8. #8
    Join Date
    Feb 2006
    Location
    Perth
    Posts
    3,828

    Default

    Quote Originally Posted by scottyd View Post
    Youre right, sometimes a hit is a good thing, but it only works because you can build up a given amount of energy before transfering it into the thing being pushed. Its just like getting a run up for a jump, rather than getting all that forward energy in one push, you build energy by running towards the place to jump. But the reality is that the force required to remove a taper is going to be the same whether you take a running jump or a slow push and theres no way anyone is going to be developing 89 tonnes of force with a hammer.
    I really doubt anywhere near 89 tones of force would have been needed if short sharp impacts had been used.

    Most people give up too soon when using impacts. Think about how many impacts a rattle gun generates before something often moves. I had to hit mine about 20 times before it even moved and then another 5-6 more after that to get it out. If we were to really magnify the contact surfaces between a plug and socket we would see a few higher points on each in contact with each other and the loosening is a question of breaking these so called "stiction" points. When using something like a press it tries to break them all at the same time where as when impacts are used it breaks the grip of a few % of the "stiction" points at each blow.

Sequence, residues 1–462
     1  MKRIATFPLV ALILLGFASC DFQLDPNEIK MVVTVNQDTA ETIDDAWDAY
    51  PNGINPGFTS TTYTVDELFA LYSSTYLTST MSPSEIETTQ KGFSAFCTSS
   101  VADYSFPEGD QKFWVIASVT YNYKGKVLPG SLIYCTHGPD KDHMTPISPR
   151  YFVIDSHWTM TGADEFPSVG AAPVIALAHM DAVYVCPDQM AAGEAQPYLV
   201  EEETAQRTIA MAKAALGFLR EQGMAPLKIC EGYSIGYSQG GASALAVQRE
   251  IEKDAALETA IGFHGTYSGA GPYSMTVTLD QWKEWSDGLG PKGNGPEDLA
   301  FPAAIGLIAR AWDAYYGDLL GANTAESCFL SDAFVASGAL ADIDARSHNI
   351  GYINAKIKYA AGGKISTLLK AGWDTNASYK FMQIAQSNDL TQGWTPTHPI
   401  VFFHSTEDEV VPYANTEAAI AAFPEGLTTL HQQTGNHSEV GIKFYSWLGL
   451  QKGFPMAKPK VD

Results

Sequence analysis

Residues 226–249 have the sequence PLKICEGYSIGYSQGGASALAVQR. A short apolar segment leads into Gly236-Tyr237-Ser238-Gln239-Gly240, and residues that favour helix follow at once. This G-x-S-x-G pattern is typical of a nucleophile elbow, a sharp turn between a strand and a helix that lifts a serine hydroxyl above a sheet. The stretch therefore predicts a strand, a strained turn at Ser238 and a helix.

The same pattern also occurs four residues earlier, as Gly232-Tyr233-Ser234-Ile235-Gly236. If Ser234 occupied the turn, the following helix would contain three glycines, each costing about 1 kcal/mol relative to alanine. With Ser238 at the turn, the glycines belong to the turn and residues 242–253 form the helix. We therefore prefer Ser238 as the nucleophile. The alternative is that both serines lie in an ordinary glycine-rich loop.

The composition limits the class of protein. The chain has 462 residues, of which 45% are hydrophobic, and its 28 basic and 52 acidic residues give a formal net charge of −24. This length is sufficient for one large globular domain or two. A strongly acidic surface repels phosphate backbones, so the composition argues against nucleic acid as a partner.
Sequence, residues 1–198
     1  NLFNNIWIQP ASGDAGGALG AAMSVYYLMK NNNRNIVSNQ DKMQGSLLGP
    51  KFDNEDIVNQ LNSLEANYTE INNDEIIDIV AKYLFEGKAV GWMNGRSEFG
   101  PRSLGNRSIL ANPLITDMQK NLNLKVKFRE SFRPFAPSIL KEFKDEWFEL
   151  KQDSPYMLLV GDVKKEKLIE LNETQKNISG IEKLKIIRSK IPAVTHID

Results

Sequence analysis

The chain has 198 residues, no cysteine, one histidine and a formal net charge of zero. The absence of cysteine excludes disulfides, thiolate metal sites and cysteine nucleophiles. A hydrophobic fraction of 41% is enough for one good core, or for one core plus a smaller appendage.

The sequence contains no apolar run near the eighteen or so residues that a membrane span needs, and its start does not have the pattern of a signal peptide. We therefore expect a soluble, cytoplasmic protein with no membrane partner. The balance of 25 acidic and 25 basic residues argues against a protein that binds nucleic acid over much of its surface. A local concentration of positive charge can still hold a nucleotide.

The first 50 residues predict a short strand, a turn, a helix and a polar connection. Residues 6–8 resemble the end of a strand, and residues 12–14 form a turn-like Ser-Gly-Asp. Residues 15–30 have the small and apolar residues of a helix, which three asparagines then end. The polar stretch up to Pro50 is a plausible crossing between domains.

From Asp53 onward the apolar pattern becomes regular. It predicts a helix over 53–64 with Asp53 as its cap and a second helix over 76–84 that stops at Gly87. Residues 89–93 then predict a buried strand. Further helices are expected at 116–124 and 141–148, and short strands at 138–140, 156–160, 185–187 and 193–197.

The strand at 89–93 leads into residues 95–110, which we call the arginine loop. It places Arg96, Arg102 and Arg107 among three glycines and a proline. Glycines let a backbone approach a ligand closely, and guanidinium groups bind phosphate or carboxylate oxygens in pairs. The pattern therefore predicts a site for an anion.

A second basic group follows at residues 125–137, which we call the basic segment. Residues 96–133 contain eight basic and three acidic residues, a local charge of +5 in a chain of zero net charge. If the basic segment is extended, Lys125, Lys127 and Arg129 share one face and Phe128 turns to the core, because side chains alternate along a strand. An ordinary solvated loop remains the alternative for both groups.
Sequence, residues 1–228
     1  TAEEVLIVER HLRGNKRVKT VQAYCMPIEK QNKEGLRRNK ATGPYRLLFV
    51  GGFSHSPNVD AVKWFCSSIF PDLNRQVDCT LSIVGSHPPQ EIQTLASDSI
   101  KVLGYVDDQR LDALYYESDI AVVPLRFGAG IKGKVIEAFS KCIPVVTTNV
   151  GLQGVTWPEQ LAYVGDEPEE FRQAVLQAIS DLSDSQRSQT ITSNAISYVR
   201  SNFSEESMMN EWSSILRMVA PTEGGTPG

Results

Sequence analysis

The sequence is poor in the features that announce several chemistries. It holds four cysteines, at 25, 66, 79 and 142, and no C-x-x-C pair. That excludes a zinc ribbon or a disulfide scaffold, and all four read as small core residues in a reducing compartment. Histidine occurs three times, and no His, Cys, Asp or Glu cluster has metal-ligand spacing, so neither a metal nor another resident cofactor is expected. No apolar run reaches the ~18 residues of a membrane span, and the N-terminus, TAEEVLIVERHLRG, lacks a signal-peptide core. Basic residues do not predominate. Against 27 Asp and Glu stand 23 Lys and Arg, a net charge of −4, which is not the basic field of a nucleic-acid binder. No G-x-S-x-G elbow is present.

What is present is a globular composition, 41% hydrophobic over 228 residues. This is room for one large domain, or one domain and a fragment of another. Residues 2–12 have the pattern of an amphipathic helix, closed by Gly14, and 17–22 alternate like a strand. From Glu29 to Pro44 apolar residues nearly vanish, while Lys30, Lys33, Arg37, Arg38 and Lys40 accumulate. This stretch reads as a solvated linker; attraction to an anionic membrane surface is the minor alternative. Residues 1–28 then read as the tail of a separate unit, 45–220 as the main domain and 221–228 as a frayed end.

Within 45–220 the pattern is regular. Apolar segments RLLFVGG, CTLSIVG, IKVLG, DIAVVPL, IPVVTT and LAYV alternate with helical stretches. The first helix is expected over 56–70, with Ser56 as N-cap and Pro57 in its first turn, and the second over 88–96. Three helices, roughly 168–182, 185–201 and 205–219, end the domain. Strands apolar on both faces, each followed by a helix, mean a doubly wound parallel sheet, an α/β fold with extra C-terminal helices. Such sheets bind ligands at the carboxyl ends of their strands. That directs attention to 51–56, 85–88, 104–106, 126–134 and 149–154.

A much more relevant comparison than a jump is pushing nail into a block of wood with a press versus using a hammer. I've demoed this in front of students a number of times whereby a 4" nail usually used required around 700 - 800 kg to drive it into a block of hardwood, yet I could drive that same nail into the same block with 1 kg hammer.

    Also, the risk of hitting stuff with a hammer is that youre going to peen things over, including the back of the taper. The 20mm rod we inserted into the arbor was threaded on the end so that both a shoulder and the thread was bearing on the arbor to try to disperse the load out as far as possible across the back of it.
    I agree damage can be a problem but there are very easy ways to protect metal parts being struck using hardwood blocks or a lead or copper faced hammer. OTOH a press is much better than a hammer for things like bearings because you cannot protect the surfaces in between the bearings and race.

  9. #9
    Join Date
    Aug 2014
    Location
    Queensland
    Posts
    18

    Default

    Thanks to all for the responses. Very much appreciated.

    I have found the engagement pin on the large gear. That was the part I had overlooked. The locknut came off easily after that.

    Does the end spacer pictured below also come off? When I try to remove it makes a sound off metal hitting metal. Could it be that it has worn a groove into the arbor or is it not meant to be removed?

    Also BobL and AnorakBob where do you apply the heat? from the inside with the door open? or from the front? Tried asking this is Bob's "i just bought a new mill" thread but it hasn't appeared. I am a compete newbie to using forums. Not really 100% sure what I am doing or even the etiquette. Hopefully I have got the second part right? I have given it a fair whack with a fairly big block hammer. Still no luck but will try again with the heat gun if I know where I should be heating.


    IMAG0206.jpg